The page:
WATCH: Debate for the State - Where the candidates stand

ANCHORAGE (KTUU) - Channel 2 News and Alaska Public Media hosted a debate between Alaska candidates for governor, Democrat Mark Begich and Republican Mike Dunleavy Thursday evening.

(KTUU / Alaska Public Media)

Both candidates said they’d make crime and public safety a priority in their administration. They both pledged to return the Permanent Fund Dividend to its original formula, with differing plans on how to keep the formula sustainable.

Republican Mike Dunleavy focused many of his responses on managing the state’s budget and programs, and evaluating existing programs, while Begich said he’d take a balanced approach to supporting resource development in the state and raising revenues, while putting the permanent fund and education funding in the constitution.

Specific cuts they’d make? Begich said he’d work to reduce the cost of paperwork in the Medicaid program, which he says amounts to $240 million -- 30 percent of the program’s budget. Dunleavy said he’d cut the fast-rail study from Mat-Su to Anchorage, climatologists, and look at whether to reapportion 2,000 funded but unfilled positions in the state.

When it comes to raising revenue for the state, neither gave a specific plan. Begich said he’d consider an income or sales tax, and pointed out the money that out-of-state workers earn in the state that goes straight out of the Alaska economy. Dunleavy specified his cuts above, and said he’d look into reviving a constitutional appropriation limit.

Here are some of the highlights. Watch the full debate above for all the questions, including questions the candidates asked each other:

Moderator: This year’s permanent fund was set at $1,600 by the Legislature. Lawmakers used proceeds from the Permanent Fund to help balance the state budget. Under the previous calculation method, the PFD this year would have been close to $3,000 per Alaskan. Where do you stand? Is this exclusively the people’s money, or is capping the PFD a prudent use of Alaska’s savings account to pay for needed services?

Begich: The PFD is important. The action that the Legislature took over the last three year sput an impact on working families disproportionately to try to solve this budget. It was an unfair way to deal with it.

But how would I do it? Right now the corpus of the fund and its retained earnings have about $65 billion. The earnings reserve has about $18 billion in it right now which the legislature can access with a simple majority vote. I would put a chunk of that in the corpus, keep it away from these politicians.

The next thing I would do is a Percent Of Market Value. Making sure we have a formula, so 50% as that formula lays out, would go right into the permanent fund dividend. And constitutionally protect it. The only one in this race that has talked about constitutionally protecting it. Keeping it in your hands. The value of that would be about $2,100 this year. If you’d leave it where it is today, it will be in the hands of politicians, and they’ll debate this off and on, and your dividend over time will disappear.

Dunleavy:
I’ve fought hard to protect the PFD. The PFD’s been an institution in Alaska for almost 40 years. The Permanent Fund was established in the late ‘70s by the people of Alaska to save wealth from that period of time for future generations. The PFD program came in shortly thereafter. It’s worked beautifully. The PFD was never the problem. The problem has been overspending by state government over the years.

You will have a full PFD under my administration. I fought hard. I voted against SB 128, which was the first attempt to change the PFD. I voted against SB 26, which was another attempt to change the PFD. I submitted bills, SB 1 to return the full PFD. The current calculation that’s been on the books for years is the calculation that I will use. And I can ensure Alaskans that one of the first orders of business, when I get into the governorship, is to return the full PFD to the people of Alaska.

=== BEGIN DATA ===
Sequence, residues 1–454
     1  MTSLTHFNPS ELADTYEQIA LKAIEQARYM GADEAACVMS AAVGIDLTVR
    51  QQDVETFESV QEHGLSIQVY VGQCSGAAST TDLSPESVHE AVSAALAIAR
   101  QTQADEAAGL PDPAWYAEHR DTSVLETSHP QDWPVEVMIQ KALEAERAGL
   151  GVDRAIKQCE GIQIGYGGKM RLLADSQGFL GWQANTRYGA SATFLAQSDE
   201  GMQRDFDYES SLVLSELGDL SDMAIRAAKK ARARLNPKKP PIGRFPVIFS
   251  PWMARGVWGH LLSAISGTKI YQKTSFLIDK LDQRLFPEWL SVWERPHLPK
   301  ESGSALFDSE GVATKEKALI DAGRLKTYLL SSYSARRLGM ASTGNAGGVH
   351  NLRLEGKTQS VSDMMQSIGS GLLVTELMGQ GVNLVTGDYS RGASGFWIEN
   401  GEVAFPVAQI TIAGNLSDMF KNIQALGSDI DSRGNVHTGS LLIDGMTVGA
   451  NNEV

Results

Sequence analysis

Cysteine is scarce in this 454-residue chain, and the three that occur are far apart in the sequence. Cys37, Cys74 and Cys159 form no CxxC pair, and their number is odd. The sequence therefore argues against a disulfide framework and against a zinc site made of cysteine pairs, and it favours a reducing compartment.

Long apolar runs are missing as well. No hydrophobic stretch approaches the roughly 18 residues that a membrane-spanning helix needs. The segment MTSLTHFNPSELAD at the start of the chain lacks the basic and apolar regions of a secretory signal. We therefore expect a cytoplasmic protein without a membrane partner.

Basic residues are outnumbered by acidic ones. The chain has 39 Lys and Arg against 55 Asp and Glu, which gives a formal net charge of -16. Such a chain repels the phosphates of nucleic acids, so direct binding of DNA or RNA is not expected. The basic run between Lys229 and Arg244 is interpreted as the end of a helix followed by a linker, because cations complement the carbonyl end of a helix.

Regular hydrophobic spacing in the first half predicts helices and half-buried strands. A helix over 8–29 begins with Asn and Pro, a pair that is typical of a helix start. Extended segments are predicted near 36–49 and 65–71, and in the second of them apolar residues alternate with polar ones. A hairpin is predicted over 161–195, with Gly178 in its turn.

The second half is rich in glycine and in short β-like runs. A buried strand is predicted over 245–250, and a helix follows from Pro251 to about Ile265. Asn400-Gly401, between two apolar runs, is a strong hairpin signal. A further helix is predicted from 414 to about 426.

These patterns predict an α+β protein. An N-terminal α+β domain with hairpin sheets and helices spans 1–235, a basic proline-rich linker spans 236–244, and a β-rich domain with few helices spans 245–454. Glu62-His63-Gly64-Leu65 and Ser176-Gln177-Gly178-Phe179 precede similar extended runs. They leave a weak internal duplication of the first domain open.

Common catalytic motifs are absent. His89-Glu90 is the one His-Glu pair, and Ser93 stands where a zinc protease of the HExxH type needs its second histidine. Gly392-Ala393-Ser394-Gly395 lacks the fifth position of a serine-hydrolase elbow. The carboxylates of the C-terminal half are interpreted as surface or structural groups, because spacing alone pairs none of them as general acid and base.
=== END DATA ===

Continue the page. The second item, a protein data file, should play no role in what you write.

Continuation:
Moderator: Do you support the concept of a PFD mandate in the constitution? How would you structure the permanent fund dividend to make sure the legislature doesn’t raid the money to support government spending in years when we have low oil prices, and what should the split be for proceeds from the permanent fund going to state government and going to the people of Alaska?

Dunleavy: I think it should be a 50/50 approach, like it has been for decades. The people of Alaska never complained about the size of the PFD when it was subject to the calculation that’s been on the books forever. If it was $700 a year, people didn’t complain. If it was $900 a year, people didn’t complain.

People started to get agitated when the governor vetoed a portion of their PFD. The reason they did that was because they felt that government was sticking their hands in a system that actually worked well. Going forward, we may need to have discussions as to what this is going to look like. But it must involve the people of Alaska. We want to take a look at whether the Permanent Fund needs to have a POMV approach, but we need to have a discussion with the people of Alaska, and they need to be involved in any changes to the PFD Program or the Permanent Fund.

Begich: What has happened, first the constitutional budget reserve, which had 14, 16 billion dollars in it. Eighty percent of that is gone because legislators took that money. Now, the way you solve this problem, you’ve got to put the PFD into the constitution. The earnings reserve, which is a critical part of this, again, the legislators have access to this. You’ve got to take that off the table, put it into the corpus. If you put it in the corpus, the politicians can’t touch it. The other idea is you’ve got to make sure it’s sustainable. The idea that I’ve laid out is 50 percent going to the permanent fund dividend, constitutionally protected, voted on by the people, keep it out of the hands of politicians. I’ve not heard Mike say that. He talks about an advisory vote, which means it goes back to the hands of politicians. No disrespect to them, I don’t have a lot of faith that they’ll do the right thing over the long term. We need to protect this. The other half, I’ve suggested to go into education funding and constitutionally protect the education funding over the long haul.